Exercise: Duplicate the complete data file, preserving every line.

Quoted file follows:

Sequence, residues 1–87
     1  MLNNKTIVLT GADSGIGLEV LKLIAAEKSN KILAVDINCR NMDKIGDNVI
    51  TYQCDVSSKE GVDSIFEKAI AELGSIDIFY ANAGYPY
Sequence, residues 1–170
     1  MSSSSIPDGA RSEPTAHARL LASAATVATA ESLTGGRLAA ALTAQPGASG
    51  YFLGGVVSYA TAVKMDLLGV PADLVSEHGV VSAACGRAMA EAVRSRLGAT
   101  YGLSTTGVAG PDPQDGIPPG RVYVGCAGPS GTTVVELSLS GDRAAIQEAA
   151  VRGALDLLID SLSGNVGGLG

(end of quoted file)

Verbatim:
Sequence, residues 1–87
     1  MLNNKTIVLT GADSGIGLEV LKLIAAEKSN KILAVDINCR NMDKIGDNVI
    51  TYQCDVSSKE GVDSIFEKAI AELGSIDIFY ANAGYPY
Sequence, residues 1–170
     1  MSSSSIPDGA RSEPTAHARL LASAATVATA ESLTGGRLAA ALTAQPGASG
    51  YFLGGVVSYA TAVKMDLLGV PADLVSEHGV VSAACGRAMA EAVRSRLGAT
   101  YGLSTTGVAG PDPQDGIPPG RVYVGCAGPS GTTVVELSLS GDRAAIQEAA
   151  VRGALDLLID SLSGNVGGLG